September 28, 2001

OPINION

Terrorists to Us, "Freedom Fighters" to Muslim World

by Dr. Art Salzberg

The vast undertaking of the bombings in present-day America and the hijacking of four passenger airplanes, all within a matter of hours, should not have been a surprise after the last incident of this type, and from a similar source: the bombing of the U.S.S. Cole and its toll of 268 lives. This is a time for reflection for all Americans, from all walks of life. The attack on the Cole was the real opening shot in this terror campaign, and we should have known there would be more to follow.

According to the late anthropologist Margaret Mead, there is a great divide between that part of the population born before the dropping of the first atom bomb in August 1945 (such as myself) and those born afterwards. The message of the attack on Hiroshima was that henceforth there would no longer by any rules in the history of the world. The 20th Century, the most brutal in the history of the human race, left behind a mountain of over 200 million corpses.

Until now, the only wars that Americans had witnessed were the Revolution and the Civil War - the "insurrection," as President Lincoln called it. Sherman's march through Georgia left everything in its path destroyed, devastated the South for decades and deprived its population of the means to live on the same standard as the North.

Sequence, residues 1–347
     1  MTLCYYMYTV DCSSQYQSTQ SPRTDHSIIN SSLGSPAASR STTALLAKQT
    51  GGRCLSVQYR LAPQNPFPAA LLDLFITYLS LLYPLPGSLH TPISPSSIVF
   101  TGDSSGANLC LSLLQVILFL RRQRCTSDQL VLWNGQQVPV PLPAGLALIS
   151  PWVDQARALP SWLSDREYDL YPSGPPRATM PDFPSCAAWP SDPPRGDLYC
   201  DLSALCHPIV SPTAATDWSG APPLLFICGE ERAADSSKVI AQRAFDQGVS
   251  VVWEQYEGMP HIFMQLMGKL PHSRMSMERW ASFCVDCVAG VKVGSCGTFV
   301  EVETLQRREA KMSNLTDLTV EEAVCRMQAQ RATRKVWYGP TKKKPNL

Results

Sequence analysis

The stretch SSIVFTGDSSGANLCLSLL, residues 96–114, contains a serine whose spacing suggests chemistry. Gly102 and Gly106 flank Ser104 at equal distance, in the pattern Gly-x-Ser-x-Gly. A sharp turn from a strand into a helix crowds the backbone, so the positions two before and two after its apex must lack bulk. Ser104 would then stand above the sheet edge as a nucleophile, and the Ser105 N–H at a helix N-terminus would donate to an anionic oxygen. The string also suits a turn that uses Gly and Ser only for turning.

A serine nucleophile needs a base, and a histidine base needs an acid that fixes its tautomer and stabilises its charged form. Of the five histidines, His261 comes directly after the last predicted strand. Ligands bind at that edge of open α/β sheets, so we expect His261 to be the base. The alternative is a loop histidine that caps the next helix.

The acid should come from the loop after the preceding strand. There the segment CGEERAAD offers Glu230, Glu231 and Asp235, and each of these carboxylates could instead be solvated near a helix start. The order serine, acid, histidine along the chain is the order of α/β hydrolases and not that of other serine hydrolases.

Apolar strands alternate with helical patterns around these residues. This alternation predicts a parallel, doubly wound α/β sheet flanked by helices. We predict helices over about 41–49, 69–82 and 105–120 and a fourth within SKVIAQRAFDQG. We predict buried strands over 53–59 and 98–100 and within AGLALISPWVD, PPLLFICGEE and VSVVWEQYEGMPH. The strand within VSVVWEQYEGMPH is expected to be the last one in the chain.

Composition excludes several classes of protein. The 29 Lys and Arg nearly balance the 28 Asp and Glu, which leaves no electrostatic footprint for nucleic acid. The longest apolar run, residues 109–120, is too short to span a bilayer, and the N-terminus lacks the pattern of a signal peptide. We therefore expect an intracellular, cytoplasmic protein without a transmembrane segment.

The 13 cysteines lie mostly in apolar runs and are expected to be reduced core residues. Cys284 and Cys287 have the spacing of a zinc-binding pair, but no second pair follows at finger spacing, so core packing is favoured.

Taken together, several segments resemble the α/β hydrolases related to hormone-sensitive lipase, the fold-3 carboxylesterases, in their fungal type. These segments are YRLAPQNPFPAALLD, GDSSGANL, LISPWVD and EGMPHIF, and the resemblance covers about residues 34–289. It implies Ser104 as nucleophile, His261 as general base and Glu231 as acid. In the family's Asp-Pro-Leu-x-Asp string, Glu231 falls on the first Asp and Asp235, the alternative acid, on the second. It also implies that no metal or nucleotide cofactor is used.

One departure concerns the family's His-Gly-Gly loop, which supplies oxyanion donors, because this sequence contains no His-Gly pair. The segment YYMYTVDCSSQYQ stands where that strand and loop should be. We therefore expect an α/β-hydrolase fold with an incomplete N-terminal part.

Before Daniel Ellsberg released the Pentagon Papers as a sort of atonement, he had been part of the Pentagon team that planned the massive bombing raids on the north of Viet-Nam. Those raids were possible because America simply didn't recognize the fellow humanity of the Viet-Namese people. For years, American planes dropped their bombs indiscriminately, even on hospitals clearly marked with large Red Cross flags.

This was part of a strategy to "bomb Viet-Nam into the Stone Age" and bring the North viet-Namese government to the negotiating table. It didn't work, but it did provide American TV viewers with a show on a par with the Super Bowl. Americans watched the death and destruction they were raining on Viet-Nam, not only with bombs but with Agent Orange and other herbicides, from the comfort of their living rooms. It was left to Swedish newspapers —and, eventually, the New York Times— to report what was really going on.